In the ongoing battle over legalization of marijuana, several states have already made major changes to incorporate cannabis into society as a legal drug, used both medically and recreationally. California currently has two major marijuana measures that have been approved for signature gathering and may appear on the November ballot, both of which have significant financial backing and political support.

These proposals, if successfully implemented, could create a powerful new industry not dissimilar from the tobacco business, that researchers at UC San Francisco say could thwart public health concerns for the sake of creating revenue. In a paper published in California’s eScholarship Initiative, the researchers analyze both the tobacco and alcohol industries in comparison with proposed marijuana initiatives. They warned that lessons learned from controlling alcohol and tobacco (California is a global leader in tobacco control), should be considered in order to prevent the growth of another large industry that could cause serious public health consequences.

“The initiatives are written primarily to create new business and only include minimal protections for public health that are unlikely to prevent...harms caused by the burgeoning marijuana industry,” the team wrote in the paper. “Evidence from tobacco and alcohol control demonstrates that without a strong public health framework, a wealthy and politically powerful marijuana industry will develop and use its political clout to manipulate regulatory frameworks and thwart public health efforts that would reduce use and profits.”

The authors pointed to the fact that the initiative gave regulatory authority to agencies who they said would be more concerned with the promotion of business than safety regulations. Worse still, the initiatives would create advisory committees that most likely included members of the industry who would have a vested interest in maximizing business opportunities.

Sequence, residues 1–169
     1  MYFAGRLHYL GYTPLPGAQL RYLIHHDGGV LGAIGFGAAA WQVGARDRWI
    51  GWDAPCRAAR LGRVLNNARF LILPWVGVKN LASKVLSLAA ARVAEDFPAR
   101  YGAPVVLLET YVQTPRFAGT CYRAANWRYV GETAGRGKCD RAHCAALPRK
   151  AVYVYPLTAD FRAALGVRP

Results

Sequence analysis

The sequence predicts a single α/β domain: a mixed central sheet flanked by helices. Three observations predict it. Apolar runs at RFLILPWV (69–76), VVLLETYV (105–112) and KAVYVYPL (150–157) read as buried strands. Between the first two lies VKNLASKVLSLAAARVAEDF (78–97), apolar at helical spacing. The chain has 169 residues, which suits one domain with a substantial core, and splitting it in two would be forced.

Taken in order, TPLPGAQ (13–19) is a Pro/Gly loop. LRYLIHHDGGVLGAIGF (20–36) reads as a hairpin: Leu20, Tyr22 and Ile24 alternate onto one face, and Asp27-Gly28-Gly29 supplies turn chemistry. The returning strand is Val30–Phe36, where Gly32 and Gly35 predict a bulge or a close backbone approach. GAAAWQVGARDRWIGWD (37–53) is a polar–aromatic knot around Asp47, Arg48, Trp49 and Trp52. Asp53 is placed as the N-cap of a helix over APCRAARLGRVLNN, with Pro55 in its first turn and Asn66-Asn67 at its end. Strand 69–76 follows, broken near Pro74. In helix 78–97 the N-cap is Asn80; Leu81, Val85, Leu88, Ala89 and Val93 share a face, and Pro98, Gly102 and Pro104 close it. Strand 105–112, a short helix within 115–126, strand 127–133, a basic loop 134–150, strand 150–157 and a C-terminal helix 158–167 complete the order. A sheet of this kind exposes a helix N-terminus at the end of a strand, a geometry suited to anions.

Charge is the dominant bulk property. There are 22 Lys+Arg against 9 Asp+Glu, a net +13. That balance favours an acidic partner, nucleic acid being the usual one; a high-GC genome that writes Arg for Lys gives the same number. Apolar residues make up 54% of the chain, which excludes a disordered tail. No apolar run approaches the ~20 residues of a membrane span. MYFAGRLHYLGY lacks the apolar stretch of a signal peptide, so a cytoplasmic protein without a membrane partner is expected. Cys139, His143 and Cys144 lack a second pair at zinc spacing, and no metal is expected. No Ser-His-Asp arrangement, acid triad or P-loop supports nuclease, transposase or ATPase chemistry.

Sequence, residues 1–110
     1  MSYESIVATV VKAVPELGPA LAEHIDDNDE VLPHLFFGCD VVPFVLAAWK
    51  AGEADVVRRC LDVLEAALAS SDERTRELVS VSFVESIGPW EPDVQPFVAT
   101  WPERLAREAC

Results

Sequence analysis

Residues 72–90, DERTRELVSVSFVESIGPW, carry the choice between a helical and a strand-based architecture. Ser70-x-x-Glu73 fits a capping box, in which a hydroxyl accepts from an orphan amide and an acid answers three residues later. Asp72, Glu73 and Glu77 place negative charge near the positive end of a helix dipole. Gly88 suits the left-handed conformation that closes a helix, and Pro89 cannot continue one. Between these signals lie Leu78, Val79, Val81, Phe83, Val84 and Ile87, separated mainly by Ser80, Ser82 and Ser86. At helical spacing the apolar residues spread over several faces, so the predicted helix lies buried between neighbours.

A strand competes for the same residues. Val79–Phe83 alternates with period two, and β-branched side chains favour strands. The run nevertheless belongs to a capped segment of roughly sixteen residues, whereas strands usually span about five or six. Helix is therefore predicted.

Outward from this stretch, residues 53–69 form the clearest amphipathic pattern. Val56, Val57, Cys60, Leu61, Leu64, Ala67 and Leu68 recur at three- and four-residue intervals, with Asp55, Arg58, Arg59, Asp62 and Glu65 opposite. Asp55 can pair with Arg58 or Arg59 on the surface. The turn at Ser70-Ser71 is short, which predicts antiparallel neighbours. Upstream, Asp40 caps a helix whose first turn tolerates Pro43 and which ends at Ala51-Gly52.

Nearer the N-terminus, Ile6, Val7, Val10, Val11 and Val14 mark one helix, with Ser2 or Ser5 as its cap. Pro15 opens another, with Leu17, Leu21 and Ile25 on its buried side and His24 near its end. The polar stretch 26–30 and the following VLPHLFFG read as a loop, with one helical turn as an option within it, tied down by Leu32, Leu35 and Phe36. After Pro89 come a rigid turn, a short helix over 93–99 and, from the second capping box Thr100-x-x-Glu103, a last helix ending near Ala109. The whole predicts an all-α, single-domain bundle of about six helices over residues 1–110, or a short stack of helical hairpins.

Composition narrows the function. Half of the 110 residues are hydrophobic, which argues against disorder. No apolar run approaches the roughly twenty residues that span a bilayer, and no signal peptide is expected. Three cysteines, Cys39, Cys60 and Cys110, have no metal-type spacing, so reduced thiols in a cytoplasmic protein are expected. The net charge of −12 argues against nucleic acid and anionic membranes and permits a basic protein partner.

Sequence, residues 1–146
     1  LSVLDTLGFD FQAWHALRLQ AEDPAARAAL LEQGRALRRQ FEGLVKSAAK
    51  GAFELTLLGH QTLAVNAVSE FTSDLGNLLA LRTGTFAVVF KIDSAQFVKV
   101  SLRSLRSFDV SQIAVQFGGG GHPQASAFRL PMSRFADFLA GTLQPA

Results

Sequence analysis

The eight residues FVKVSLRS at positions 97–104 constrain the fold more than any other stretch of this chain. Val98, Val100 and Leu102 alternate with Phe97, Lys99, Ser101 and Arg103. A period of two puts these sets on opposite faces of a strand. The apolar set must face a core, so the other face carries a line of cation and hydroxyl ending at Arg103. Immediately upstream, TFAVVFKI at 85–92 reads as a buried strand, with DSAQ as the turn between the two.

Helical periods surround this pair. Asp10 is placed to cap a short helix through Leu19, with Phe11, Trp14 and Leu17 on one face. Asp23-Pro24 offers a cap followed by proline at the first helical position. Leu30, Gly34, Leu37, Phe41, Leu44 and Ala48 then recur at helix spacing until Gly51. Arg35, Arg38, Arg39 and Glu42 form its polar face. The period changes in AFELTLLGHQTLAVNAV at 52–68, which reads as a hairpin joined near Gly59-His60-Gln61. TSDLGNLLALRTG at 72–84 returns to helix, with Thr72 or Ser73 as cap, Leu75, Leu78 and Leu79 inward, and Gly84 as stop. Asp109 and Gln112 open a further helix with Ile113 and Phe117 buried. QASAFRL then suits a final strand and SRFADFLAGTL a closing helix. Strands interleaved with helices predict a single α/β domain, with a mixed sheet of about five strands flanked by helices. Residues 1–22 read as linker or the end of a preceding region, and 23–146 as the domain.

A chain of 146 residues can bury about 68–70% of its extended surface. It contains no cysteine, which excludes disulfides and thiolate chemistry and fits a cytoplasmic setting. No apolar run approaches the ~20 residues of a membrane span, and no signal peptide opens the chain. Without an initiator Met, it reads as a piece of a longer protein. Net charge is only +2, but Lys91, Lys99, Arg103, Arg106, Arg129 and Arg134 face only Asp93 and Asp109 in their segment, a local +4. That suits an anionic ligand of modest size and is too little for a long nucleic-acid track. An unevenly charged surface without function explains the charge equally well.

“At hearings in January,..the Dept. of Consumer Affairs and dept. of Food and Agriculture showed more attention on collaborating with the marijuana industry and business development and paid less attention to the effects on public health or to controlling the growth of a large marijuana industry similar to the multinational tobacco industry,” said first author Rachel Barry, a researcher at the UCSF Center for Tobacco Control Research and Education and Philip R. Lee Institute for Health Policy Analysis, in a press release.

The authors pointed out several more issues with the proposed ballot measures, including that the proposed marijuana tax would not cover regulatory and public health costs of legalization, which would leave taxpayers to subsidize the new industry by paying for any adverse health-related costs associated with increased marijuana use.

Another problematic part of the measures, according to the paper authors, was advertising. There would be no advertising restrictions that prevent targeting of underage youth or other vulnerable populations, and the proposed warning labels for marijuana are based on ineffective warnings on alcohol products, ignoring research on the effectiveness of dissuasive warnings on tobacco products.

The authors conclude by saying public health education and regulatory framework should be established alongside marijuana legislation in order to prevent the growth of another large industry similar to the tobacco or alcohol industry.

“The two proposed initiatives don’t do that,” said Dr. Stanton A. Glantz, coauthor of the paper, UCSF professor of medicine, and director of the UCSF Center for Tobacco Control research and Education. “They just replace a criminal justice problem with a public health problem.”

Source: Barry R, Glantz S. A Public Health Analysis of Two Proposed Marijuana Legalization Initiatives for the 2016 California Ballot: Creating the New Tobacco Industry. eScholarship Initiative. 2016.